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Rook

Corvus frugilegus

The rook is a member of the ''Corvidae'' family in the passerine order of birds. Named by Carl Linnaeus in 1758, the species name ''frugilegus'' is Latin for "food-gathering".
Rook During a visit back home to England, I took a trip down memory lane and spent time on Salisbury Plain and at Stonehenge, a short drive from where I grew up. It was a bitterly cold and windy winter's morning. I saw this characterful rook all alone, sitting on a fence post, perhaps trying to warm itself in the weak sunshine that would occasionally break through the cloud.

I was captivated by this large corvid - seemingly stoic given its surrounds and the weather. A great obsidian megalith paying homage to the ancient standing stones, not so far away.  Corvus frugilegus,Geotagged,Passeriformes,Rook,United Kingdom,Vertebrate,Winter,bird,corvidae,fauna

Appearance

This species is similar in size to or slightly smaller than the carrion crow with black feathers often showing a blue or bluish-purple sheen in bright sunlight. The feathers on the head, neck and shoulders are particularly dense and silky. The legs and feet are generally black and the bill grey-black.

Rooks are distinguished from similar members of the crow family by the bare grey-white skin around the base of the adult's bill in front of the eyes. The feathering around the legs also looks shaggier and laxer than the congeneric carrion crow. The juvenile is superficially more similar to the crow because it lacks the bare patch at the base of the bill, but it has a thinner bill and loses the facial feathers after about six months. Collective nouns for rooks include ''building'', ''parliament'', ''clamour'' and ''storytelling''. Their communal nesting behaviour gave rise to the term rookery.
Rook - Axios River Delta, Greece  Rook - Corvus frugilegus Animalia,Aves,Axios River Delta Complex,Bird,Chordata,Corvidae,Corvus frugilegus,Europe,Geotagged,Greece,Passeriformes,Passerine,Ramsar wetland,Rook,Spring,Wildlife

Distribution

Rooks are resident in Great Britain, Ireland and much of north and central Europe but vagrant to Iceland and parts of Scandinavia, where they typically live south of the 60th latitude and in habitats that ravens dislike, such as open agricultural areas. It also occurs as an eastern race in Asia where it differs in being slightly smaller on average, and having a somewhat more fully feathered face. In the north of its range the species has a tendency to move south during autumn though more southern populations are apt to range sporadically also. The species has been introduced to New Zealand, with several hundred birds being released there from 1862 to 1874, though today their range is very localised. There the species is an agricultural pest and it is being eradicated.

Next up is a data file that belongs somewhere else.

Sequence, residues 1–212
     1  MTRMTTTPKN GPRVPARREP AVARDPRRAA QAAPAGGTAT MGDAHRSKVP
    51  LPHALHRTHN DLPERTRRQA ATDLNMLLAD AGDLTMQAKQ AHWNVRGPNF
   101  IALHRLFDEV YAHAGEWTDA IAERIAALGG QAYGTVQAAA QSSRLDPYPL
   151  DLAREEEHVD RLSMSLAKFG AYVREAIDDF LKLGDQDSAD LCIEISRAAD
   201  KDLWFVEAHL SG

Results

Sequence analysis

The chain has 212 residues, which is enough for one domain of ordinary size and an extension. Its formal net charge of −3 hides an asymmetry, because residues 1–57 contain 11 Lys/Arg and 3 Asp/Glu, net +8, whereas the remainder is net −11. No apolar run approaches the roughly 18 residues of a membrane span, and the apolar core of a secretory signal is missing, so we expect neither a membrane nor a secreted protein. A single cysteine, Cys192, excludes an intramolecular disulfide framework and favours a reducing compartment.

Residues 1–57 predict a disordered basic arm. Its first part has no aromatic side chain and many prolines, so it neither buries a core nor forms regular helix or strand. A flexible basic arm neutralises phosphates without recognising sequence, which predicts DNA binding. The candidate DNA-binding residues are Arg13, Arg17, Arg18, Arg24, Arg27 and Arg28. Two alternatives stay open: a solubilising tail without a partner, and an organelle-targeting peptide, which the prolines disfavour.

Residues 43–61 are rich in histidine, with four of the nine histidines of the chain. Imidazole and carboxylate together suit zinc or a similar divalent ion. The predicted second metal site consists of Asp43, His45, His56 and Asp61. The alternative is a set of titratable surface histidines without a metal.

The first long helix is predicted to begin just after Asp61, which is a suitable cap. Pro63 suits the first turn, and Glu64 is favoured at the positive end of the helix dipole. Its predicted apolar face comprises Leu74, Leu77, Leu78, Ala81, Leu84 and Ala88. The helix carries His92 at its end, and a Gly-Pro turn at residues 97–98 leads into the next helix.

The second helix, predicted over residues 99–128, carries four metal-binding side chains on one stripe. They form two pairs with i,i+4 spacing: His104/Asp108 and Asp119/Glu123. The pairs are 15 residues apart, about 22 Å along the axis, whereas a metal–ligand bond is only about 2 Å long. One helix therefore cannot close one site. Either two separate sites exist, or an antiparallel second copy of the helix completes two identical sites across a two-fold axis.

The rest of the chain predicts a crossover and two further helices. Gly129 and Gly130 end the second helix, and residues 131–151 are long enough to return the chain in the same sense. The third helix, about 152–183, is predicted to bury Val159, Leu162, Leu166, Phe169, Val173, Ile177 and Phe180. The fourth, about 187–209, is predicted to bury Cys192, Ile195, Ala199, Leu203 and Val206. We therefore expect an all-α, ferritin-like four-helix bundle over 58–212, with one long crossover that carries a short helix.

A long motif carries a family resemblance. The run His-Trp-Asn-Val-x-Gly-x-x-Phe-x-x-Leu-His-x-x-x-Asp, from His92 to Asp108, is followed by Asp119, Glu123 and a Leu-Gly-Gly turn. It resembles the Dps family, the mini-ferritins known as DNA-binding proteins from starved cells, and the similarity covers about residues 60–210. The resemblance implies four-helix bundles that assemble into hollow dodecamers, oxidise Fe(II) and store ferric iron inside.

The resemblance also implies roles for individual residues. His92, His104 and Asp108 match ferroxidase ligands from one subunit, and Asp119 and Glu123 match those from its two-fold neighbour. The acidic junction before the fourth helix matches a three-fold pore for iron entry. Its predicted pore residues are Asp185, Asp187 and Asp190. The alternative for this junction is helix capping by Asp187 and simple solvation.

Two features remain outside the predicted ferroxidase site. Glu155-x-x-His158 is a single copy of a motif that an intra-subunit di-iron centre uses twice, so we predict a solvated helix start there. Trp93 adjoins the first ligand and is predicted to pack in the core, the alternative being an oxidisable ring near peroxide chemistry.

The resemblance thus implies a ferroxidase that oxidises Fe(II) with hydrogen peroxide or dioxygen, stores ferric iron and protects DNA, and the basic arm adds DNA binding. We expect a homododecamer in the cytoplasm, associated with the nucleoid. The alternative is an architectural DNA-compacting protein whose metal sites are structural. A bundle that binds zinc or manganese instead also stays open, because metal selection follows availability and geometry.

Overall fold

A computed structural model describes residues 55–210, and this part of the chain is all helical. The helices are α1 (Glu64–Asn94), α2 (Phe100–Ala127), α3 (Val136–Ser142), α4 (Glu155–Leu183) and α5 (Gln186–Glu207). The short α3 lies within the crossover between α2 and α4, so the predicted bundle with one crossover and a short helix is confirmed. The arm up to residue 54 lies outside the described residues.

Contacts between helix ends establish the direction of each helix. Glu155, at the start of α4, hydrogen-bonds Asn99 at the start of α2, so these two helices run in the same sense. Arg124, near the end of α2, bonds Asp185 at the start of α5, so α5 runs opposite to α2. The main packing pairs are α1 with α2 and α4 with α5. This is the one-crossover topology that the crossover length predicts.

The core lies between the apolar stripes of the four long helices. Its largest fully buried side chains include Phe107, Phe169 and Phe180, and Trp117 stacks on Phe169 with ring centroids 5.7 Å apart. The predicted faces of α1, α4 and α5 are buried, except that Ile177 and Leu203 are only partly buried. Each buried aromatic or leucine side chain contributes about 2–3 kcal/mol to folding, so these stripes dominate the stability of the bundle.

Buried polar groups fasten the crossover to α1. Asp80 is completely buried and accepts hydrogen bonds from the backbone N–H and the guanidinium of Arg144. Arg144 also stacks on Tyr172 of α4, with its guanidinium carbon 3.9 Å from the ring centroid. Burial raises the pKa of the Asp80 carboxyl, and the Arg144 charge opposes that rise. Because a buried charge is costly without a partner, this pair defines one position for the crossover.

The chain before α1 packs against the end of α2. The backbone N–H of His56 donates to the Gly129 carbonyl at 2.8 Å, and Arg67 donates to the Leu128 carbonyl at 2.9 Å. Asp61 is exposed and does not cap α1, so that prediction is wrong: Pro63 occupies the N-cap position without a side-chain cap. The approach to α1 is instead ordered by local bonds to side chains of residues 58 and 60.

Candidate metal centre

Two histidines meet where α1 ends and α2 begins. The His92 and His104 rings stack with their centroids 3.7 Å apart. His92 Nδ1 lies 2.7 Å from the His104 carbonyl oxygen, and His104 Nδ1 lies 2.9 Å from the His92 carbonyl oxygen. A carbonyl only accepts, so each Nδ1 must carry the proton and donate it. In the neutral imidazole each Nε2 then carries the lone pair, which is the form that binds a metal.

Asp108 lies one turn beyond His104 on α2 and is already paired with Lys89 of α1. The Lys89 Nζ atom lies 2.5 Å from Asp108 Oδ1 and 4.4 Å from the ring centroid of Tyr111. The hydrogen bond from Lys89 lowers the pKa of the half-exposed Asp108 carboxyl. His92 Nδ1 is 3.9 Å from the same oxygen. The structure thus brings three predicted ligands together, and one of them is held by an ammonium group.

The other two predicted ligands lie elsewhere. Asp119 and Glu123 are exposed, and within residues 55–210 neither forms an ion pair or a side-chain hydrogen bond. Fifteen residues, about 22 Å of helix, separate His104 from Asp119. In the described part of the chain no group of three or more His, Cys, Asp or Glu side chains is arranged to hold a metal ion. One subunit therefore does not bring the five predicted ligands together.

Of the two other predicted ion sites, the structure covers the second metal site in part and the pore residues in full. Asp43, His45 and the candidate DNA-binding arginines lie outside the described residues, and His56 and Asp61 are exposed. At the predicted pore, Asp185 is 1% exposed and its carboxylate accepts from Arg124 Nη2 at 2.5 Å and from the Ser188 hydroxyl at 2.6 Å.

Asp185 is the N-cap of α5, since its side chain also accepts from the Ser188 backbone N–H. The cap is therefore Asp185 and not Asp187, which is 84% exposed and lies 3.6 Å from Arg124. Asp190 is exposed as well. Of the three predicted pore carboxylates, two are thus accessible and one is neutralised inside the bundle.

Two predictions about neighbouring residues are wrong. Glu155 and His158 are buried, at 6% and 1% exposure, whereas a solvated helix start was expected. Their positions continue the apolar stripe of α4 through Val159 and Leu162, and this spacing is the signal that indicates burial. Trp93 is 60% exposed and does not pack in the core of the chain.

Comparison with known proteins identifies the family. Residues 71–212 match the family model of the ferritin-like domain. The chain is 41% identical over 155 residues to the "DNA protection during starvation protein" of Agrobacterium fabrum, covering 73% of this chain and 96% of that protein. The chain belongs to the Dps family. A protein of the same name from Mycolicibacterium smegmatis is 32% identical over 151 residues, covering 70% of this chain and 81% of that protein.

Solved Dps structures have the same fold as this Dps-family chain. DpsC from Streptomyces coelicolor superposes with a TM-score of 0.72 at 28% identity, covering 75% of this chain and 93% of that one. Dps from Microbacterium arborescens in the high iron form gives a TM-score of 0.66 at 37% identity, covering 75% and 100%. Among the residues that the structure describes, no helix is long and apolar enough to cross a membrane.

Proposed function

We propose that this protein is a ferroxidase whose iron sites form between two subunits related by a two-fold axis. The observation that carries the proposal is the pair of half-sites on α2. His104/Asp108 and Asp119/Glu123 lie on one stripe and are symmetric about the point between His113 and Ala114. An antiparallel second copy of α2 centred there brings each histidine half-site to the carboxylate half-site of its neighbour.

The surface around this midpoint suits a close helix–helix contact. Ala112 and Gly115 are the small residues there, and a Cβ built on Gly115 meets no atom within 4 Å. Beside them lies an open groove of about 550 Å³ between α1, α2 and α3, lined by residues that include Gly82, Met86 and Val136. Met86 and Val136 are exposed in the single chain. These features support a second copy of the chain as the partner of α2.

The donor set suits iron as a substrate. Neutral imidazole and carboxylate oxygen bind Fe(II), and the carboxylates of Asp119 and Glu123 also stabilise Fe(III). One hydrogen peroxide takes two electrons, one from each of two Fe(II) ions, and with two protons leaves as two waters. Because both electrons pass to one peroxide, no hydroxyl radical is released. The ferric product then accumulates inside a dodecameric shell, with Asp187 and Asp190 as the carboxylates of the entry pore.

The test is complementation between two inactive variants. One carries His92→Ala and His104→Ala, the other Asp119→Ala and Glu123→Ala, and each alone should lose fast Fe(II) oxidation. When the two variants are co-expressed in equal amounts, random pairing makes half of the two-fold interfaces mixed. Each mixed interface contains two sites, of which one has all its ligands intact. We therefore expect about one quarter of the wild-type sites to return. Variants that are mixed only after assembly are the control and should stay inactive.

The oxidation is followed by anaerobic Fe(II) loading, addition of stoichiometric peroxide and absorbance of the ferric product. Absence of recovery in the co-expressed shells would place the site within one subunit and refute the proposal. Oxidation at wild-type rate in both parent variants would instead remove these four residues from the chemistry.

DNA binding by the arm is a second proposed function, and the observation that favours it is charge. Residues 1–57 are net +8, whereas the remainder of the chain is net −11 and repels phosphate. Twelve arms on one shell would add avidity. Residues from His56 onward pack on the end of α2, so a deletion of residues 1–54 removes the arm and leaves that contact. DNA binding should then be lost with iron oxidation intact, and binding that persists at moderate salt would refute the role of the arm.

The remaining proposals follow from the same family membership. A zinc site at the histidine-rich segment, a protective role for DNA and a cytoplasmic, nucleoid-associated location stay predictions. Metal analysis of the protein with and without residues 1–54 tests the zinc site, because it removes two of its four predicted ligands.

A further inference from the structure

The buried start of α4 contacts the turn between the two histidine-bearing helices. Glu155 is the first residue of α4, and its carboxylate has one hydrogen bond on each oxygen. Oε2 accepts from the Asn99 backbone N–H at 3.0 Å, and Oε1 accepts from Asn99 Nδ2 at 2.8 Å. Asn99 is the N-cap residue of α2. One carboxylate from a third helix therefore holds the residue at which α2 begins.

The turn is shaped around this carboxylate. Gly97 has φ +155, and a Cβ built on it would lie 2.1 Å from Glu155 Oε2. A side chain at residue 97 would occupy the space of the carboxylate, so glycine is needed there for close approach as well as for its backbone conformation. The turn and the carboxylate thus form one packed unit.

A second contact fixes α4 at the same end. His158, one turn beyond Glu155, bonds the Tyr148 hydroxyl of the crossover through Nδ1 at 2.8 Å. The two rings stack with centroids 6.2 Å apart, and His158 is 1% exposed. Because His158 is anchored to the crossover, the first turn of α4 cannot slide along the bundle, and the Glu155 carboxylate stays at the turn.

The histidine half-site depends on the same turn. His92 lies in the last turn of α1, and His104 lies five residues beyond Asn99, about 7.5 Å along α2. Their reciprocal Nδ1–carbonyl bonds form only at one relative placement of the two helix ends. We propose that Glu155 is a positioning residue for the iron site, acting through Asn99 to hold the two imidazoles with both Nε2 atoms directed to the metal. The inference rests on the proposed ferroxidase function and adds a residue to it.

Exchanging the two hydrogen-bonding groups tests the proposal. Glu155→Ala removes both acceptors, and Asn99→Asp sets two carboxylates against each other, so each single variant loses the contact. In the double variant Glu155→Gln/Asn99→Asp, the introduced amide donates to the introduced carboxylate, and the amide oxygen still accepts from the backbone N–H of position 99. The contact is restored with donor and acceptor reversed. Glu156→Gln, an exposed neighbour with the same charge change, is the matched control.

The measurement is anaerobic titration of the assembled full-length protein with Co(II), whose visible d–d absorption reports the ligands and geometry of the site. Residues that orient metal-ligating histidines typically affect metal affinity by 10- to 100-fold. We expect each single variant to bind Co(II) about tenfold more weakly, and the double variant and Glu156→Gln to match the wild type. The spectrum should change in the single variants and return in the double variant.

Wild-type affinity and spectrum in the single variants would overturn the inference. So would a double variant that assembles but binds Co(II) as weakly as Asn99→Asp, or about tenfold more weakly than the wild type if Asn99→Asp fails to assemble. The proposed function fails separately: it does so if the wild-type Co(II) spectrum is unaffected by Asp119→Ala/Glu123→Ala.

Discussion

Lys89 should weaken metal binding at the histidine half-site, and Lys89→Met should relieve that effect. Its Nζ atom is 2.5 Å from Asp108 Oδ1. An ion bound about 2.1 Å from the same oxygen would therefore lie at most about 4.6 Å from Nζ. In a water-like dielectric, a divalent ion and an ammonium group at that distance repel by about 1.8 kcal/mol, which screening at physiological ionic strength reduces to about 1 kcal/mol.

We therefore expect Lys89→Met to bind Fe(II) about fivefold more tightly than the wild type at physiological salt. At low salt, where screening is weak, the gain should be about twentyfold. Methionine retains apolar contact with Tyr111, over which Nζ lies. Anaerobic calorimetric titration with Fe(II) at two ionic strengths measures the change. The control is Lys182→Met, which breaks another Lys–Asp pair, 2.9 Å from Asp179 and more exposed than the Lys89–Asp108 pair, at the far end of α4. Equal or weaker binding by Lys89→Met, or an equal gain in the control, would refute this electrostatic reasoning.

Rook - Corvus frugilegus Rook browsing into freshly plowed field for food Animal,Animalia,Aves,Bird,Chordata,Corvidae,Corvus frugilegus,Danube delta biosphere reserve,Europe,Geotagged,Nature,Passeriformes,Passerine,Romania,Rook,Spring,Wildlife

Habitat

Rooks are resident in Great Britain, Ireland and much of north and central Europe but vagrant to Iceland and parts of Scandinavia, where they typically live south of the 60th latitude and in habitats that ravens dislike, such as open agricultural areas. It also occurs as an eastern race in Asia where it differs in being slightly smaller on average, and having a somewhat more fully feathered face. In the north of its range the species has a tendency to move south during autumn though more southern populations are apt to range sporadically also. The species has been introduced to New Zealand, with several hundred birds being released there from 1862 to 1874, though today their range is very localised. There the species is an agricultural pest and it is being eradicated.
Rook - Axios River Delta, Greece  Rook - Corvus frugilegus Animalia,Aves,Axios River Delta Complex,Bird,Chordata,Corvidae,Corvus frugilegus,Europe,Geotagged,Greece,Passeriformes,Passerine,Ramsar wetland,Rook,Spring,Wildlife

Food

Food is predominantly earthworms and insect larvae, which the bird finds by probing the ground with its strong bill. It also eats cultivated cereal grain, smaller amounts of fruit, small mammals, acorns, small birds, their eggs and young and carrion. In urban sites, human food scraps are taken from rubbish dumps and streets, usually in the early hours when it is relatively quiet. It can also be seen along the seashore, feeding on insects, crustaceans and edible flotsam.

Defense

Nesting in a rookery is always colonial, usually in the very tops of the trees. Branches and twigs are broken off trees , though as many are likely to be stolen from nearby nests as are collected from trees. Eggs are usually 3–5 in number, can appear by the end of February or early March and are incubated for 16–18 days. Both adults feed the young, which are fledged by the 32nd or 33rd day.

In autumn, the young birds of the summer collect into large flocks together with unpaired birds of previous seasons, often in company with jackdaws. It is during the autumn that spectacular aerial displays can be seen by adult birds that seem to delight in the autumn gales.

References:

Some text fragments are auto parsed from Wikipedia.

Status: Least concern
EX EW CR EN VU NT LC
Taxonomy
KingdomAnimalia
DivisionChordata
ClassAves
OrderPasseriformes
FamilyCorvidae
GenusCorvus
SpeciesC. frugilegus